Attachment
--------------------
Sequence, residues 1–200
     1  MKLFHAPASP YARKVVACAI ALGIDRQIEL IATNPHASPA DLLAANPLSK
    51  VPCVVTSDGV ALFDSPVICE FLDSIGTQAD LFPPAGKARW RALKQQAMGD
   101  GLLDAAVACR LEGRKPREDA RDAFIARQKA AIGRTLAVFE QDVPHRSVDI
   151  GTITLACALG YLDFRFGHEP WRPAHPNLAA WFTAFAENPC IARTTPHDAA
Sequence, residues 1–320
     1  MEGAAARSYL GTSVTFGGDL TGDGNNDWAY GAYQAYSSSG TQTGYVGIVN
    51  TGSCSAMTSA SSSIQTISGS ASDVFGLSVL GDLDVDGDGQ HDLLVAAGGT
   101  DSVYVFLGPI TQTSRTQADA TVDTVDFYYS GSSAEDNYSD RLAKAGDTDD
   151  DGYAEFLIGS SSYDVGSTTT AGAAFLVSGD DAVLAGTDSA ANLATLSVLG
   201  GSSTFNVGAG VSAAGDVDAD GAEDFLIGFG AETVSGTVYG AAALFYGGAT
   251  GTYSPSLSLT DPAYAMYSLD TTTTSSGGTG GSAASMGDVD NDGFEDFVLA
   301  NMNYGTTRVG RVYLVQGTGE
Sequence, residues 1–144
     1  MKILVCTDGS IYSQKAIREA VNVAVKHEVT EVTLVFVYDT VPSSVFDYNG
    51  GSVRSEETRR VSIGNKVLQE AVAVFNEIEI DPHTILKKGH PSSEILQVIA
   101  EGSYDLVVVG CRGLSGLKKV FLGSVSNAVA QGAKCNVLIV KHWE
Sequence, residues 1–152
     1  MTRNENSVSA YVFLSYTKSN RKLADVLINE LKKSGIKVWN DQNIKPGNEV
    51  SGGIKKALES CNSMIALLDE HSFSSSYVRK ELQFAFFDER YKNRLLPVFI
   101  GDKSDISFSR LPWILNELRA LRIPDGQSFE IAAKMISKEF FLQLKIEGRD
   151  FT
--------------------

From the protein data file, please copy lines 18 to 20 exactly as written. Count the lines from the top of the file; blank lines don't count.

Sequence, residues 1–152
     1  MTRNENSVSA YVFLSYTKSN RKLADVLINE LKKSGIKVWN DQNIKPGNEV
    51  SGGIKKALES CNSMIALLDE HSFSSSYVRK ELQFAFFDER YKNRLLPVFI